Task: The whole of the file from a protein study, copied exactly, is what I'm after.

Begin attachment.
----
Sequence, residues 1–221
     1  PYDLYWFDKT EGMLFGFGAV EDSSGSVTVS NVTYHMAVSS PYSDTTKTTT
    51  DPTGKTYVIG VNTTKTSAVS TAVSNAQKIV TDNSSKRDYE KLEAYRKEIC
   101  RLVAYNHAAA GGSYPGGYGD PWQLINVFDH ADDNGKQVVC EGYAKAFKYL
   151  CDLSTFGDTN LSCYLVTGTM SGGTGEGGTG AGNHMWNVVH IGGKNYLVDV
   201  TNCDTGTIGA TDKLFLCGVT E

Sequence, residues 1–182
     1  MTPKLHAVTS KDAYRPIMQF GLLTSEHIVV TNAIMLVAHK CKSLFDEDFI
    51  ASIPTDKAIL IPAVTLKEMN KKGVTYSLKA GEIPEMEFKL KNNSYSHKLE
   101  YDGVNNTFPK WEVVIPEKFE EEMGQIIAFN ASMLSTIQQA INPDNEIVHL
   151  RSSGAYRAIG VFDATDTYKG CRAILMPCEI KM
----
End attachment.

Sequence, residues 1–221
     1  PYDLYWFDKT EGMLFGFGAV EDSSGSVTVS NVTYHMAVSS PYSDTTKTTT
    51  DPTGKTYVIG VNTTKTSAVS TAVSNAQKIV TDNSSKRDYE KLEAYRKEIC
   101  RLVAYNHAAA GGSYPGGYGD PWQLINVFDH ADDNGKQVVC EGYAKAFKYL
   151  CDLSTFGDTN LSCYLVTGTM SGGTGEGGTG AGNHMWNVVH IGGKNYLVDV
   201  TNCDTGTIGA TDKLFLCGVT E

Sequence, residues 1–182
     1  MTPKLHAVTS KDAYRPIMQF GLLTSEHIVV TNAIMLVAHK CKSLFDEDFI
    51  ASIPTDKAIL IPAVTLKEMN KKGVTYSLKA GEIPEMEFKL KNNSYSHKLE
   101  YDGVNNTFPK WEVVIPEKFE EEMGQIIAFN ASMLSTIQQA INPDNEIVHL
   151  RSSGAYRAIG VFDATDTYKG CRAILMPCEI KM